2.2.1. Bus interfaces

The processor contains three external Advanced High-performance Bus (AHB)-Lite bus interfaces and one Advanced Peripheral Bus (APB) interface:

The processor matches the AMBA 3 specification except for maintaining control information during waited transfers. The AMBA 3 AHB-Lite Protocol states that when the slave is requesting wait states the master must not change the transfer type, except for the following cases:

The processor does not match this definition because it might change the access type from SEQ or NONSEQ to IDLE during a waited transfer. The processor might also change the address or other control information and therefore request an access to a new location. The original address that was retracted might not be requested again. This cancels the outstanding transfer that has not occurred because the previous access is wait-stated and awaiting completion. This is done so that the processor can have a lower interrupt latency and higher performance in wait-stated systems by retracting accesses that are no longer required.

To achieve complete compliance with the AMBA 3 specification you can implement the design with the AHB_CONST_CTRL parameter set to 1. This ensures that once transfers are issued during a wait-stated response they are never retracted or modified and the original transfer is honoured. The consequence of setting this parameter is that the performance of the core might decrease for wait-stated systems as a result of the interrupt and branch latency increasing.

ICode memory interface

Instruction fetches from Code memory space, 0x00000000 to 0x1FFFFFFF, are performed over this 32-bit AHB-Lite bus.

The Debugger cannot access this interface. All fetches are word-wide. The number of instructions fetched per word depends on the code running and the alignment of the code in memory.

DCode memory interface

Data and debug accesses to Code memory space, 0x00000000 to 0x1FFFFFFF, are performed over this 32-bit AHB-Lite bus. Core data accesses have a higher priority than debug accesses on this bus. This means that debug accesses are waited until core accesses have completed when there are simultaneous core and debug access to this bus.

Control logic in this interface converts unaligned data and debug accesses into two or three aligned accesses, depending on the size and alignment of the unaligned access. This stalls any subsequent data or debug access until the unaligned access has completed.

Note

ARM strongly recommends that any external arbitration between the ICode and DCode AHB bus interfaces ensures that DCode has a higher priority than ICode.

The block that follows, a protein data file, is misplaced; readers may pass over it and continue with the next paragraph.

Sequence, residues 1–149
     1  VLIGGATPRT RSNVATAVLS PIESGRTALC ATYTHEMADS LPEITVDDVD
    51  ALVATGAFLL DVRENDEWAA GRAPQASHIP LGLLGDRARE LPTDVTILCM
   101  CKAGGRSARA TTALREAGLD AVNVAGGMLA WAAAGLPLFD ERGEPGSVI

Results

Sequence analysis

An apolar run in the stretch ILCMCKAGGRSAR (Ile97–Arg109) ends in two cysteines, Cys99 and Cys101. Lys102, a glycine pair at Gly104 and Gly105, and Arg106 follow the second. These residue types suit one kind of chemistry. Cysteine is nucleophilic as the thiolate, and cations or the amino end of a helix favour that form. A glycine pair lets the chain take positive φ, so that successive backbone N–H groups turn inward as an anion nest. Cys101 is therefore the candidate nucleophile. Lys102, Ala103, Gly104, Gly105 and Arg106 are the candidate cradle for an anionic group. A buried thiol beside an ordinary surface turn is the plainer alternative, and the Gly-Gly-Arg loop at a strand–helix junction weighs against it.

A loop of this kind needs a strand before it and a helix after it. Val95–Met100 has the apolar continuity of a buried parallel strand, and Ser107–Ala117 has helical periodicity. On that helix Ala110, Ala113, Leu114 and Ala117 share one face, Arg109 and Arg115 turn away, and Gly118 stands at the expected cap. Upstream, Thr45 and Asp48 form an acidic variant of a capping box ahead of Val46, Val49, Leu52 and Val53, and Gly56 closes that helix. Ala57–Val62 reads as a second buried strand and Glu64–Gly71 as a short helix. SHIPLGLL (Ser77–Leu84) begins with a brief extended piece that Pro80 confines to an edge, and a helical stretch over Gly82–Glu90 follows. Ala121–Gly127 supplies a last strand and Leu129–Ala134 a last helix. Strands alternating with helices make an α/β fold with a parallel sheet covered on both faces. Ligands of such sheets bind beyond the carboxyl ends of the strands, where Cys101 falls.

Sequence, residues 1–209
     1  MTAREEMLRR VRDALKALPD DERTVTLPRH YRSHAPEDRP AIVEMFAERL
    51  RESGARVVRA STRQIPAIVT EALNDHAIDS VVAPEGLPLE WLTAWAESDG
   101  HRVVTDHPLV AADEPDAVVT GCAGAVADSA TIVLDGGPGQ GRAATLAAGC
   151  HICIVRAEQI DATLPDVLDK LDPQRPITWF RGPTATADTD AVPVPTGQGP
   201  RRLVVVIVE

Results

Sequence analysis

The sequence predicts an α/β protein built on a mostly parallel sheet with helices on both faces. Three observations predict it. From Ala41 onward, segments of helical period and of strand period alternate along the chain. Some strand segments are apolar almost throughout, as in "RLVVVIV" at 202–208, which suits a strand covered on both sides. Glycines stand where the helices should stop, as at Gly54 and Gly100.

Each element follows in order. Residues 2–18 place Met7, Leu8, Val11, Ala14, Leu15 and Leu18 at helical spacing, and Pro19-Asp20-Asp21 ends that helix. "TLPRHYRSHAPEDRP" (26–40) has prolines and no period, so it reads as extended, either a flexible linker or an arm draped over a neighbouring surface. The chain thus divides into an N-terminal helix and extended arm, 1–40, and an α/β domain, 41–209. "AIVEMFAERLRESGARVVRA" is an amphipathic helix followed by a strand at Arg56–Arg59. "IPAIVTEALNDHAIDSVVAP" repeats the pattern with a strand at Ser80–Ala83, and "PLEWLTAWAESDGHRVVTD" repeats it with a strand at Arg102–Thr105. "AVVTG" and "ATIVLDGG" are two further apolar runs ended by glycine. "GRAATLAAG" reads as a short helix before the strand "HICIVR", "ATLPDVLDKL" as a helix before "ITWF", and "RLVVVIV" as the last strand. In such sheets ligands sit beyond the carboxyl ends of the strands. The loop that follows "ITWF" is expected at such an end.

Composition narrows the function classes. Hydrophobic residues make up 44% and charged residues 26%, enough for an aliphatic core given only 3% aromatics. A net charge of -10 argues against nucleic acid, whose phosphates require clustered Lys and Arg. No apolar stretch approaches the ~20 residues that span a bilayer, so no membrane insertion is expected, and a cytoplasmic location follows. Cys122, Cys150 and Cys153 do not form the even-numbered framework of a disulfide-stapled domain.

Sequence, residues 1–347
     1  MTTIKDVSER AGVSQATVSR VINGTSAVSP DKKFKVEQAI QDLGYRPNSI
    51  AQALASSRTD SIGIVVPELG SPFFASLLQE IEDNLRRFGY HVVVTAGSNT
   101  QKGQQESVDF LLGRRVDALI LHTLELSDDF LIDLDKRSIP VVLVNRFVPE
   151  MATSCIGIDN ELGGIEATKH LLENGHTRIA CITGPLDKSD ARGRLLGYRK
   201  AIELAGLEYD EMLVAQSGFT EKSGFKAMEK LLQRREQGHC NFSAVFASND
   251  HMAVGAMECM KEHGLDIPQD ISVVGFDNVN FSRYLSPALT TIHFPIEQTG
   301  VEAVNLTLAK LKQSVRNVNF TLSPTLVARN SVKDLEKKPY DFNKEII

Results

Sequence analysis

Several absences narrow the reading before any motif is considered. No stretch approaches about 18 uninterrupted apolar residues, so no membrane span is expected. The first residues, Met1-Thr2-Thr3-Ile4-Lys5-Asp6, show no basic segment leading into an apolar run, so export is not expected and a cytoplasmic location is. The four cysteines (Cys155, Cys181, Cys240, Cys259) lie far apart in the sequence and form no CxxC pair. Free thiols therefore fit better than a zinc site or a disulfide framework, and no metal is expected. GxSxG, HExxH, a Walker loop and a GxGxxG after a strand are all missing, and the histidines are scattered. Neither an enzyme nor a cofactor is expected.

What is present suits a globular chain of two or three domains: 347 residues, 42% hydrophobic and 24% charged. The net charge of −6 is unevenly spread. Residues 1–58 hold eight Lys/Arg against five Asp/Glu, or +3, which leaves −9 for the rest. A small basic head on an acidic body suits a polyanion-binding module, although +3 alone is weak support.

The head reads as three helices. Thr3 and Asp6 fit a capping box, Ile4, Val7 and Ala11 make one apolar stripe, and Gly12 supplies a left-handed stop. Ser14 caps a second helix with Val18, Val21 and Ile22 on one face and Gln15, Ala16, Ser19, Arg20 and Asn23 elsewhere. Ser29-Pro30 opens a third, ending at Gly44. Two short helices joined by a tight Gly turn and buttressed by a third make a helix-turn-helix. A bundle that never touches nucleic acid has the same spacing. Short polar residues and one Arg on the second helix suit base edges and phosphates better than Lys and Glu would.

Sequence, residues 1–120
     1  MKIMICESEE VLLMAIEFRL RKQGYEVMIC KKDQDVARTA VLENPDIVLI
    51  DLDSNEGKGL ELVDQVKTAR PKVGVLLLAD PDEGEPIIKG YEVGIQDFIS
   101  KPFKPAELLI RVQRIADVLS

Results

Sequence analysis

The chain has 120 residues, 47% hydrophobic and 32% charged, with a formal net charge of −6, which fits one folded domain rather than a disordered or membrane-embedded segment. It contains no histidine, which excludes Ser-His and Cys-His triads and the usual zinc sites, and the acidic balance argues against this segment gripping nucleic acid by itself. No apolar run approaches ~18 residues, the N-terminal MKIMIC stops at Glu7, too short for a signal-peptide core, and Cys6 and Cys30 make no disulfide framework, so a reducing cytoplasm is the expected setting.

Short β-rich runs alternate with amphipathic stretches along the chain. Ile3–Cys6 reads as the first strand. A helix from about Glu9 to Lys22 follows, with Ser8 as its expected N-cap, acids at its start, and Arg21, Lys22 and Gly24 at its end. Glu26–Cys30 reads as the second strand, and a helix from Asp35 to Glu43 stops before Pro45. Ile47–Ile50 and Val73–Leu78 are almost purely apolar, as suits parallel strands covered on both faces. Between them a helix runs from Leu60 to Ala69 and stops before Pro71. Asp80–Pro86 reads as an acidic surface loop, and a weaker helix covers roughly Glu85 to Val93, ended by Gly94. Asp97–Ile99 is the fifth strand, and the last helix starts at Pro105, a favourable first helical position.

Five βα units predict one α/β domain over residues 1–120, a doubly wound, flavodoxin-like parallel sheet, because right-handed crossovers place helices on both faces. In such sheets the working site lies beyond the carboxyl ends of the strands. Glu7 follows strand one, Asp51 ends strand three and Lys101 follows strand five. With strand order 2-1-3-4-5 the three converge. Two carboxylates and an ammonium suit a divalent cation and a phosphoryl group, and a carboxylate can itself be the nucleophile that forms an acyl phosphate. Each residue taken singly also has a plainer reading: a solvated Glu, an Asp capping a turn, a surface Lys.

System interface

Instruction fetches, and data and debug accesses, to address ranges 0x20000000 to 0xDFFFFFFF and 0xE0100000 to 0xFFFFFFFF are performed over this 32-bit AHB-Lite bus.

For simultaneous accesses to this bus, the arbitration order in decreasing priority is:

  • data accesses

  • instruction and vector fetches

  • debug.

The system bus interface contains control logic to handle unaligned accesses, FPB remapped accesses, bit-band accesses, and pipelined instruction fetches.

Private Peripheral Bus (PPB)

Data and debug accesses to external PPB space, 0xE0040000 to 0xE00FFFFF, are performed over this 32-bit Advanced Peripheral Bus (APB) bus. The Trace Port Interface Unit (TPIU) and vendor specific peripherals are on this bus.

Core data accesses have higher priority than debug accesses, so debug accesses are waited until core accesses have completed when there are simultaneous core and debug access to this bus. Only the address bits necessary to decode the External PPB space are supported on this interface.

The External PPB (EPPB) space, 0xE0040000 up to 0xE0100000, is intended for CoreSight-compatible debug and trace components, and has a number of irregular limitations which make it less useful for regular system peripherals. ARM recommends that system peripherals are placed in suitable Device type areas of the System bus address space, with use of an AHB2APB protocol converter for APB-based devices.

Limitations of the EPPB space are:

  • it is accessible in privileged mode only

  • it is accessed in little-endian fashion irrespective of the data endianness setting of the processor

  • accesses behave as Strongly Ordered

  • no bit-band function is available

  • unaligned accesses have Unpredictable results

  • only 32-bit data accesses are supported

  • it is accessible from the Debug Port and the local processor, but not from any other processor in the system.

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